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And through the wood-shelter,
Among crags in its flurry,
Helter skelter,

Hurry skurry.

Here it comes sparkling,
And there it lies darkling,
Now smoking and frothing,
Its tumult and wrath in,
Till in this rapid race
On which it is bent,
It reaches the place

Of its deep descent.
The cataract strong
Then plunges along,
Striking and raging,
As if a war waging,

Its caverns and rocks among.

Rising and leaping,

Sinking and creeping,
Swelling and sweeping,
Showering and springing,
Flying and flinging,
Writhing and ringing,

Eddying and whisking,

Spouting and frisking,

Turning and twisting,
Around and around,
With endless rebound;
Smiting and fighting,

A sight to delight in ;

Confounding, astounding,

Dizzing and deafening the car with its sound.

Collecting, projecting,

Receding and speeding,

And shocking and rocking,

And darting and parting,

And threading and spreading,

And whizzing and hissing
And dripping and skipping,
And hitting and splitting,
And shining and twining,

And rattling and battling,
And shaking and quaking,
And pouring and roaring,
And waving and raving,
And tossing and crossing,
And flowing and glowing,
And running and stunning,
And foaming and roaming,
And dinning and spinning,
And dropping and hopping,
And working and jerking,
And guggling and struggling,
And heaving and cleaving,
And moaning and groaning,
And glittering and frittering,
And gathering and feathering,
And whitening and brightening,
And quivering and shivering,
And hurrying and skurrying,
And thundering and floundering,
Dividing and gliding and sliding,
And falling and brawling and sprawling,
And driving and riving and striving,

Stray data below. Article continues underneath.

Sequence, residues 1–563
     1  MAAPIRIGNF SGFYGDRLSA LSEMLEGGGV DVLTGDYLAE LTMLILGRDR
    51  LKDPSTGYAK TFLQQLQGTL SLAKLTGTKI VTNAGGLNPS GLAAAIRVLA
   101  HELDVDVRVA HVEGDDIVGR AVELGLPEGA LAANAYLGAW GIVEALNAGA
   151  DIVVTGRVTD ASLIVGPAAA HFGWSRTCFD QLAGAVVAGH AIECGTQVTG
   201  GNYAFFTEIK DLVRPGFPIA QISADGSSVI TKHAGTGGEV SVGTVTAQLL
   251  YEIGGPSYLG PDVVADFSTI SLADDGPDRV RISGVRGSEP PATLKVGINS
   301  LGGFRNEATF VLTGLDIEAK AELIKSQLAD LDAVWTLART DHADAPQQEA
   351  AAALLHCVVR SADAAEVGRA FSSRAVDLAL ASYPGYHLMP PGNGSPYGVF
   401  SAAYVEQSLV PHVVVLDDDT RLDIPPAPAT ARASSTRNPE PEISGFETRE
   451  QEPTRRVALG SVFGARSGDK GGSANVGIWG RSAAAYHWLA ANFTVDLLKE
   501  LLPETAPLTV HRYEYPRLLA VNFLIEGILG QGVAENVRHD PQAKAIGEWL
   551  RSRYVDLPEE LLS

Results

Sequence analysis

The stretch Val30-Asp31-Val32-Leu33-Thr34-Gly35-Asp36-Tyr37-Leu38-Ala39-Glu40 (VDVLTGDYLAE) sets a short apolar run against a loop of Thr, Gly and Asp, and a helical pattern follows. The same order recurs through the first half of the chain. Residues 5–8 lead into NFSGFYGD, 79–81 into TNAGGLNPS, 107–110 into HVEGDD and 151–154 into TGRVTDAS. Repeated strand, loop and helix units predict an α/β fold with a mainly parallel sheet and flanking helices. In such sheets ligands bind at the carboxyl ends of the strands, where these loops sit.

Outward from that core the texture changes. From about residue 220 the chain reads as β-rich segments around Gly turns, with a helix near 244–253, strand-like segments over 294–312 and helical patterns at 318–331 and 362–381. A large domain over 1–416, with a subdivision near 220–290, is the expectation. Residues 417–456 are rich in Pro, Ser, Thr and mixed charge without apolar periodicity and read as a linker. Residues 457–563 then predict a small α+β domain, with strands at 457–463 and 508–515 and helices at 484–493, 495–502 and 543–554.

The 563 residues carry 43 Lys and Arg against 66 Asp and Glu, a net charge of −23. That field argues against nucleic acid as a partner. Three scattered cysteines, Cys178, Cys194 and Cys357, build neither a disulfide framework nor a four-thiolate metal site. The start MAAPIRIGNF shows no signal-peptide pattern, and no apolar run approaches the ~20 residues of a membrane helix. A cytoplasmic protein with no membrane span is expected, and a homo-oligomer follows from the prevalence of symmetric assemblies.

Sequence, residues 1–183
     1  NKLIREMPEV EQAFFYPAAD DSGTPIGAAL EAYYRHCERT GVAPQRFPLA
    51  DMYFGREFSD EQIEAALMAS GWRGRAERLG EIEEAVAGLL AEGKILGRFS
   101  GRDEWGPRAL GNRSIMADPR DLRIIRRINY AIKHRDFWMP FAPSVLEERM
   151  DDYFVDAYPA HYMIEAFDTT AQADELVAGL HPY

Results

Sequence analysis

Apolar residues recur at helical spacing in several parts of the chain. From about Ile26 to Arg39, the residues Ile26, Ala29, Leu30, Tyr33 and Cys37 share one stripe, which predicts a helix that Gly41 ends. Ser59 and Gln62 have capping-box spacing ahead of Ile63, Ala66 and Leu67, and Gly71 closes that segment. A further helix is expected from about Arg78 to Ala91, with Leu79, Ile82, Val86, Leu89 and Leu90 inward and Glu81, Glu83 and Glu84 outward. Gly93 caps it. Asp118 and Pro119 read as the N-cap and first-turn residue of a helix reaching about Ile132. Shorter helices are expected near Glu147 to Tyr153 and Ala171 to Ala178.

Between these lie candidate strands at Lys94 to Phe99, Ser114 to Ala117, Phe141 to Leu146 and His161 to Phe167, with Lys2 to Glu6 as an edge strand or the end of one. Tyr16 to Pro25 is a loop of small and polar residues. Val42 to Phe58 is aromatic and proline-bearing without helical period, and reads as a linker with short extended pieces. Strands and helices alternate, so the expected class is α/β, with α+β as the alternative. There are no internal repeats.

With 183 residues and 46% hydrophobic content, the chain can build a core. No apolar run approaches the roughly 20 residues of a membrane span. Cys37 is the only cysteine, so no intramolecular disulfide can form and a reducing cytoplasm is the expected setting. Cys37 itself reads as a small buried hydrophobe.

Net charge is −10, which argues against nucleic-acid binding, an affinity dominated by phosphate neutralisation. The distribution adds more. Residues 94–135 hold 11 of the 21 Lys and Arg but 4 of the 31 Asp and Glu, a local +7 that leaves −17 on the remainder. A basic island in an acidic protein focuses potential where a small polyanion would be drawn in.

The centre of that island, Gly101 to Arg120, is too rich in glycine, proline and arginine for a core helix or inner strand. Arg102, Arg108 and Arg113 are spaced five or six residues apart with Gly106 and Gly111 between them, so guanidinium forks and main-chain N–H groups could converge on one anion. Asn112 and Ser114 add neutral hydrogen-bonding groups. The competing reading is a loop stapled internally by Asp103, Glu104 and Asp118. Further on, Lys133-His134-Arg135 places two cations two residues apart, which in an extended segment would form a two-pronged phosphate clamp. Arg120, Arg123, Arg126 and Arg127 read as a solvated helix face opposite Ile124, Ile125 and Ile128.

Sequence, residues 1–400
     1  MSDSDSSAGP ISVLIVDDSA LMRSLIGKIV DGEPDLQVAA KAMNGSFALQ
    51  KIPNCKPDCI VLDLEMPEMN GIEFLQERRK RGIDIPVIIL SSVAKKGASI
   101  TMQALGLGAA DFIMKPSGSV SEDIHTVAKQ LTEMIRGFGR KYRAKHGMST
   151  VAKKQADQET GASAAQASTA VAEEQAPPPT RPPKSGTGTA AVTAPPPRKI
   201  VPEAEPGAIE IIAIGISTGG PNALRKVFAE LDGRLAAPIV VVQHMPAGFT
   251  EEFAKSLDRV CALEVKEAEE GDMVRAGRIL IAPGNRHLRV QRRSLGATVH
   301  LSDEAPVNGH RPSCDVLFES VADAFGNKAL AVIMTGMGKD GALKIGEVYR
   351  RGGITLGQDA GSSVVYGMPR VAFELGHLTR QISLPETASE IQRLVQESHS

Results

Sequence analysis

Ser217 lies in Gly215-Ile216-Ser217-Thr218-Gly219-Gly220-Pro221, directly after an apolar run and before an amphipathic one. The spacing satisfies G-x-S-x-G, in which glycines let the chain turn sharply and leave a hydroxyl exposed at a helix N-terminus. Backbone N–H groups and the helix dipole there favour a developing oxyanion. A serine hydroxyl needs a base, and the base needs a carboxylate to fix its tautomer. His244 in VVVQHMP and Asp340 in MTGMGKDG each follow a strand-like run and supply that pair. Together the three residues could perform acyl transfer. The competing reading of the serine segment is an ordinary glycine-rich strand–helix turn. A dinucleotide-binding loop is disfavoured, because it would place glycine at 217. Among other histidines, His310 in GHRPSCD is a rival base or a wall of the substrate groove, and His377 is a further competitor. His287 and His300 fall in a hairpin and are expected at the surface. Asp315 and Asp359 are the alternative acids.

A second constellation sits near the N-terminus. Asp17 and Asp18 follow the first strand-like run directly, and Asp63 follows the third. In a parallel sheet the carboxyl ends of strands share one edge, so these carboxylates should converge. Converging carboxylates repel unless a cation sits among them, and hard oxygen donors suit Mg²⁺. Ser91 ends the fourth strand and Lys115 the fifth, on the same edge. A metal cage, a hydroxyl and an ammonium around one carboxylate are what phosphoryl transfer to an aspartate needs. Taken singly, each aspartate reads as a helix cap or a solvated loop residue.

And sprinkling and twinkling and wrinkling,
And sounding and bounding and rounding,
And bubbling and troubling and doubling,
And grumbling and rumbling and tumbling,

And clattering and battering and shattering,
Retreating and beating and meeting and sheeting,
Delaying and straying and playing and spraying,
Advancing and prancing and glancing and dancing,
Recoiling, turmoiling, and toiling and boiling,

And gleaming and streaming and steaming and beaming,
And rushing and flushing and brushing and gushing,
And flapping and rapping and clapping and slapping,
And curling and whirling and purling and twirling,
And thumping and plumping and bumping and jumping,
And dashing and flashing and splashing and clashing,
And so never ending, but always descending,
Sounds and motion for ever and ever are blending
All at once and all o'er, with a mighty uproar,
And this way the water comes down at Lodore.

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Count me the countless sands
Fringing the sea;
Even so often

My thought is with thee.

Mete me the arch

Of the blue bending sky,
Or the wide world of meaning
That orbs in thine eye!
Measure the gloomy caves
Under the sea!
Even so boundless

My love is for thee.




Kitty. Pray, mamma, may I leave off working? I am tired. Mamma. You have done very little, my dear; you know you were to finish all that hem.

K. But I had rather write now, mamma, or read, or get my French grammar.

M. I know very well what that means, Kitty: you had rather do anything than what I set you about.

K. No, mamma; but you know I can work very well already, and I have a great many more things to learn. There's Miss Rich, that cannot sew half so well as I, and she is learning music and drawing already, besides dancing, and I don't know how many other things. She tells me that they hardly work at all in their school.

M. Your tongue runs at a great rate, my dear; but in the first place you cannot sew very well, for if you could, you would not have been so long in doing this little piece. Then I hope you will allow, that mammas know better what is proper for their little girls to learn than they do themselves.

K. To be sure, mamma; but as I suppose I must learn all these things some time or other, I thought you would like to have me begin them soon, for I have often heard you say that children cannot be set too early about what is necessary for them to du.

M. That's very true, but all things are not equally necessary to

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